Rossall School shares its motto with various other illustrious institutions including the University of Oregon, the University of Warwick and Eindhoven University of Technology. However, unless you are a classical scholar, its meaning might not readily be apparent. You might conclude that it has something to do with unkind men irritating velvety little creatures who dig up lawns. Rather surprisingly, it was the motto of the student’s union at Newcastle University until fairly recently. This resulted in the student bar being referred to simply as ‘Mens’. As you can imagine, this caused no small degree of confusion from undergraduates who believed that its appellation was little more than a sexist nod towards the patriarchy. It was not, but if a joke has to be explained then it is not really a joke. Mens Bar has now become Luther’s Bar in honour of Martin Luther-King’s 1967 visit to Newcastle University where he gave one of his greatest speeches which included the wonderful lines:
With this faith we will be able to transform the jangling discords of our nation, and of all the nations of the world, into a beautiful symphony of brotherhood and speed up the day when all over the world justice will roll down like waters and righteousness like a mighty stream.
So our motto has nothing to do with moles and nor has it anything to do with men – as the undergraduates of Newcastle University unwittingly presumed. The phrase first appears in Book Six of Virgil’s epic poem the Aeneid. The Aeneid is Virgl’s masterpiece and tells the story of the hero Aeneas, a Trojan, who fled the fall of Troy and travelled to Italy, where he was destined to become the forefather of the Roman people. In 9,896 lines of dactylic hexameter we learn of the sack of Troy, perilous storms at sea and the doomed love affair between Dido and Aeneas. The action then moves from Carthage to Italy itself where the Trojans are forced to fight for the establishment of a new homeland – Latium. The gods frequently intervene in the action to either frustrate or aid the mission of Aeneas and his fellow warriors.
In Book Six of the Aeneid, Aeneas journeys to the Underworld where he meets many of the casualties of the Trojan War. Immediately after crossing the River Styx, Aeneas has the opportunity to meet with his dead father Anchises. Aeneas asks his father if it is indeed possible for souls to return from the Underworld. His father replies that it is possible and seeks to explain the relationship between the spirit and matter. This section of the Aeneid is concerned with the metaphysical world and enters the realm of speculative philosophy. It is a far cry from the action-packed books that precede and succeed it.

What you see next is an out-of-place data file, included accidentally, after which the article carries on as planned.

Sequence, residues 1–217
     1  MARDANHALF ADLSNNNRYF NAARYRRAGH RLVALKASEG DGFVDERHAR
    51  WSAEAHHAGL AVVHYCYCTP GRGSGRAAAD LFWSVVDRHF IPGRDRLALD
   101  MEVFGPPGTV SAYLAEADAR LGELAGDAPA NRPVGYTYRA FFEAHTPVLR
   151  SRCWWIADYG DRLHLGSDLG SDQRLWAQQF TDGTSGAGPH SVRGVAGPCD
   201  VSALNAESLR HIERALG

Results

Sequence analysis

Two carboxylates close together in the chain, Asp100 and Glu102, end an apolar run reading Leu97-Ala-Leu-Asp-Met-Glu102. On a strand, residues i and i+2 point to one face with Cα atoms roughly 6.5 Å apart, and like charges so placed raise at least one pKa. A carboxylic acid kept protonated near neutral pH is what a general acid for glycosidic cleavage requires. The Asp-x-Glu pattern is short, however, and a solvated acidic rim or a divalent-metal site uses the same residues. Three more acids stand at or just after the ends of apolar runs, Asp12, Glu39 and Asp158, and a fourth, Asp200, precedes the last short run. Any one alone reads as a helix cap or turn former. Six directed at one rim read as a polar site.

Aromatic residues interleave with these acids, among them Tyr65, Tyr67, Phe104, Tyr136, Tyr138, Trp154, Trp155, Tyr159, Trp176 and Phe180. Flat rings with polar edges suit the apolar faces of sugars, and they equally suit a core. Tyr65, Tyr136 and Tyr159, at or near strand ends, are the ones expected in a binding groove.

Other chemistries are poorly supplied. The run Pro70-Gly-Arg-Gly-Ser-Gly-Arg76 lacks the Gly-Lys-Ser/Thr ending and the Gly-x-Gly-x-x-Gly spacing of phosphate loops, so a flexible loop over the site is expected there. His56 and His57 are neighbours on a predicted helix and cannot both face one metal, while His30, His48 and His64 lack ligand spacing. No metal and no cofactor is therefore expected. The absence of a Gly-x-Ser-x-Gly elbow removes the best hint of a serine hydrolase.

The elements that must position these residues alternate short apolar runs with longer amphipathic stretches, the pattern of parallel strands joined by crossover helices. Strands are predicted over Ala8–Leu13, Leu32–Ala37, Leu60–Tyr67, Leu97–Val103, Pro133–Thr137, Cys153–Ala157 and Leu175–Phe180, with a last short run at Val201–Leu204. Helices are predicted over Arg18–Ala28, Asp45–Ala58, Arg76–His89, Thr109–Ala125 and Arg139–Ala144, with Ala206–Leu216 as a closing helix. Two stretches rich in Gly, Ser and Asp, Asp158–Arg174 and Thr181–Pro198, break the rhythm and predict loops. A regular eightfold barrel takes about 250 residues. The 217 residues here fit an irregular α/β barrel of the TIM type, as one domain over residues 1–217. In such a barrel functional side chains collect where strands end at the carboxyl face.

Aeneas in the Underworld Jan Brueghel the Elder (c. 1600)
There is no universally agreed translation of the phrase ‘Mens Agitat Molem’ but it means something along the lines of ‘mind moves matter’ or ‘mind over matter’. It is not surprising that this phrase resonated especially well with nineteenth century educationalists. Rapid industrialization must have led many to conclude that intellectual rigour and strength of will was, of itself, enough to achieve great things. Advances in medicine, the construction of railways and mighty steamships, the building of modern factories, the exploration of new territories and the invention of such marvels as photography must have bolstered the belief that the human spirit really was capable of accomplishing pretty much everything. The Victorian Age was an age of unbridled confidence which gave rise to colonial conceit and the concept of muscular Christianity. It was an age which prized mental and physical resilience and it is easy to dismiss our school motto as an appeal to unthinking toughness. However, a gentler reading of our motto would remind us that we possess the potential to affect positive change within the world around us.